Sunday, September 14, 2008


The choice of food depends on the species being reared. Some species are general feeders and will accept a wide assortment of food, including dead or decaying organic matter. Examples of general feeders are most ants, crickets, and cockroaches. Other groups are specific feeders, with food preferences so restricted that only a single species of plant or animal is acceptable. Carefully note at the time of collection the food being consumed by the specimen, and provide the same food in the rearing cages.

Carnivorous insects should be given prey similar to that which they normally would consume. This diet can be supplemented when necessary with such insects as mosquito larvae, wax moth larvae, mealworms, maggots, or other insects that are easily reared in large numbers in captivity. If no live food is available, a carnivorous insect sometimes may be tempted to accept a piece of raw meat dangled from a thread. Once the insect has grasped the meat, the thread can be gently withdrawn. The size of the food offered depends on the size of the insect being fed. If the offering is too large, the feeder may be frightened away.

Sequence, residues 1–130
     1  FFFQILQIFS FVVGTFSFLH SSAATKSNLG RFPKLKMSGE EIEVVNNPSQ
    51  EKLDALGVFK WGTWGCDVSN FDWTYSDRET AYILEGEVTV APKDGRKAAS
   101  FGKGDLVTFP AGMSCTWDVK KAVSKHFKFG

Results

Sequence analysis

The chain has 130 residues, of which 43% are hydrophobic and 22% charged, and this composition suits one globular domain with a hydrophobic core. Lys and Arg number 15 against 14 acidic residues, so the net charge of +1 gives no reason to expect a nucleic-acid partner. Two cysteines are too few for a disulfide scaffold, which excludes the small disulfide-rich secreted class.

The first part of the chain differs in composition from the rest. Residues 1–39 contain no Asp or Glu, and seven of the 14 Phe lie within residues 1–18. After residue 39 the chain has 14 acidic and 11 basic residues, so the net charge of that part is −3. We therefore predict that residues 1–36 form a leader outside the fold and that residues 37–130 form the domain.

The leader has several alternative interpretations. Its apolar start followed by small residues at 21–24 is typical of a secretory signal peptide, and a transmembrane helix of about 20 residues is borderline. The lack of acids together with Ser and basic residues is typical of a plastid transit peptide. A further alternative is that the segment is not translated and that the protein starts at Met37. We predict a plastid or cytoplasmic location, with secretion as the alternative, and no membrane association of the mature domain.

Bloodsucking species can be kept in captivity by allowing them to take blood from a rat, mouse, rabbit, or guinea pig. A human should be used as a blood source only if it is definitely known that the insect or mite being fed is free of diseases that may be transmitted to the human.

Stored-product insects and mites are easily kept alive and breeding in containers with flour, grains, tobacco, oatmeal or other cereal foods, and similar products. Unless leaf-feeding insects are kept in flowerpot cages where the host plant is growing, fresh leaves from the host plant must usually be placed in the rearing cage daily and old leaves removed.

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